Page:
Seattle's KJR-FM, a Clear Channel radio affiliate, quickly and quietly altered its playlist, following an amusing online tirade accusing the station and its Program Director of "false advertising."
Negativland, known for their media-critiquing music collage and culture jamming hoaxes and pranks, outed KJR-FM on charges that it played at least 114 different songs from the early to mid-1980s, despite marketing themselves as being a "Just the Greatest Hits of the '60s and '70s" radio station. Negativland members noticed that it was virtually impossible to listen for even a short period of time without hearing hits from such quintessential '80s artists as Huey Lewis and the News, Air Supply, Men at Work, Cyndi Lauper, and many others. KJR recently pushed the envelope further by adding Kokomo, a 1988 hit by The Beach Boys.
In a moment
of maniacal inspiration, Negativland decided to point out this ridiculous
deception by sabotaging the public's perception of the station. The group
created an online rebuffing of Clear Channel, KJR-FM, and KJR Program
Director Bob Case, in a tabloid-style internet magazine parody, complete
with damning evidence and scathing audio commentary.
Timing of the event added injury to insult. Negativland's expose was unveiled August 10 on the eve of a massive promotion by Clear Channel to improve KJR's continued poor ratings. Popular local celebrity Pat Cashman was poised to make a much-heralded debut as KJR's new morning announcer, with festivities that included a high-profile live broadcast at the base of Seattle's famous Space Needle. Pat Cashman is well known across the country as the co-star of Disney's Bill Nye the Science Guy, and had a series on Comedy Central a few years ago. In Seattle, Pat is a phenomenon with a huge fan-base known as "The Pat Pack."
To generate support for their mission, the URL to Negativland's new "Jack Diekobiscz" website was leaked to a popular Pat Cashman message board where hundreds of fans and lurkers had gathered to discuss Pat's triumphant return to radio after a year-long absence. Within minutes, visitors to the site began contacting Clear Channel as instructed by "Jack."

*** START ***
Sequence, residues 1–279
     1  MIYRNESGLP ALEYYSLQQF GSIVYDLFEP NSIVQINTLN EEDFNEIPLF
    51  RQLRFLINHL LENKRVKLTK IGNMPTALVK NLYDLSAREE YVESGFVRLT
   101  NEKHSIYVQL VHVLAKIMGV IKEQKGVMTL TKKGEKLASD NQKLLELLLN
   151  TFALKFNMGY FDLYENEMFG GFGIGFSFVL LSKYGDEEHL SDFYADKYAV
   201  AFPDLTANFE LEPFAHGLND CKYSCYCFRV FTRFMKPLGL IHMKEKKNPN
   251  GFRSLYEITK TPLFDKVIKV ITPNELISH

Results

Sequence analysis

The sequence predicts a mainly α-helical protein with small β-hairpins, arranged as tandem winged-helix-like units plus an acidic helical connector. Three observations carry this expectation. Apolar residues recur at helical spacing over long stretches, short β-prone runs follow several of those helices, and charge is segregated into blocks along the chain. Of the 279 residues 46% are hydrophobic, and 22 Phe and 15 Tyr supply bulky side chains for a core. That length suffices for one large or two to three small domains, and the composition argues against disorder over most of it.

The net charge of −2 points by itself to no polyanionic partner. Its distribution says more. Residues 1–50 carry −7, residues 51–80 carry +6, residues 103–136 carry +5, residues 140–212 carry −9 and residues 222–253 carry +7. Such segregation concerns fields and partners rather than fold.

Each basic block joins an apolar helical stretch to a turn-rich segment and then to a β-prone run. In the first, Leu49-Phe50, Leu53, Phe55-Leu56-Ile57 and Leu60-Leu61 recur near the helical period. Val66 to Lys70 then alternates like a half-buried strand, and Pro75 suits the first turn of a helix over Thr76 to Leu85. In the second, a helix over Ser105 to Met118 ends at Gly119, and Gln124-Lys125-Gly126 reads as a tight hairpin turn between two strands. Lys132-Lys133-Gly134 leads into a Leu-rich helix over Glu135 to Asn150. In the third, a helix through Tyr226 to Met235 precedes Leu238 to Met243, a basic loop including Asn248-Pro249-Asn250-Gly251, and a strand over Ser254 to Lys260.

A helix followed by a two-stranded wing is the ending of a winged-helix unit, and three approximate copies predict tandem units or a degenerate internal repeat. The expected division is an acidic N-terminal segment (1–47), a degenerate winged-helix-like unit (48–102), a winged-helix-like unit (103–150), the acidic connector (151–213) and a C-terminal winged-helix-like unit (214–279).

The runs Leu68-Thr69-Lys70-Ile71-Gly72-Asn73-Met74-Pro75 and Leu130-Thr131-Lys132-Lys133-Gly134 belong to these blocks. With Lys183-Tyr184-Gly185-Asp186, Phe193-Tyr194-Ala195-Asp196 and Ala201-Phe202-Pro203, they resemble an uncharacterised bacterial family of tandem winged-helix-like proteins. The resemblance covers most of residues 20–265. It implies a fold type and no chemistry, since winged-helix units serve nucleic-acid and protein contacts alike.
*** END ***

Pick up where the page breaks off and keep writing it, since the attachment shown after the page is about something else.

Fearing negative publicity, and not wanting to take unnecessary chances with their newest audience, KJR-FM pulled all 1980s songs from their playlist less than 12 hours later. Said Negativland members, "We were amazed that they caved in so quickly. When we do creative projects that might be considered 'culture jamming' we always try to pursue it in a funny and oblique way, and this prank is a good example of that. Truth is, we really don't care so much that KJR-FM plays so many songs from the '80s, but their lying and disrespect for the listening audience gave us a good idea for a prank, and it was inspiring to us to see how quickly Clear Channel folded under the pressure."
Negativland's dubious association with KJR and Clear Channel is nothing new. One year ago, Negativland was invited to contribute audio material to a massive micro-radio invasion of the Seattle airwaves as part of "Reclaim The Media," an event sponsored by the Seattle Indy Media Center that was scheduled to take place at the 2002 National Association of Broadcasters Convention being held at the Washington State Convention and Trade Center in Downtown Seattle. Rather than composing a predictable narrative criticism of Clear Channel, Negativland decided to strike out with a more engaging approach that would hit local radio listeners where they lived. The strange absurdity of a Clear Channel station that refused to stay true to its own heavily marketed identity seemed an obvious way to showcase the company's attitude toward its listeners.
KJR's own canned liners and jingles, Negativland produced a convincing
24-minute recording that simulated a telescoped version of KJR's format.
Host "Jack Diekobiscz" ranted against Clear Channel and named KJR's program
director Bob Case as responsible for the misrepresentation, as he played
one 1980s hit from KJR's playlist after another. For the duration of the
NAB convention, six pirate micro-radio stations across the FM dial streamed
anti-Clear Channel programming, including repeated performances of the
Negativland/Diekobiscz show, sometimes playing in a 24-minute loop for
seven hours at a time. Despite some bad publicity and a flurry of e-mails,
Clear Channel and Bob Case refused to remove the songs from their playlist
until hit with the events of last week.
Jack Diekobiscz LISTEN HERE website and hear Jack's microradio attack
Channel with your questions or comments: Lisa Dollinger, VP of Corporate
Communication Tel. 210-822-2828
Program Director Bob Case at: Tel. 206-421-9595
Pack" Pat Cashman message board
More excellent coverage on "Radio's Big Bully": http://archive.salon.com/ent/clear_channel
Negativland (c/o Fanatic Promotion): Tel. - 1-888-385-1231
For more... email email@example.com with the message, "Put me on your mailing list."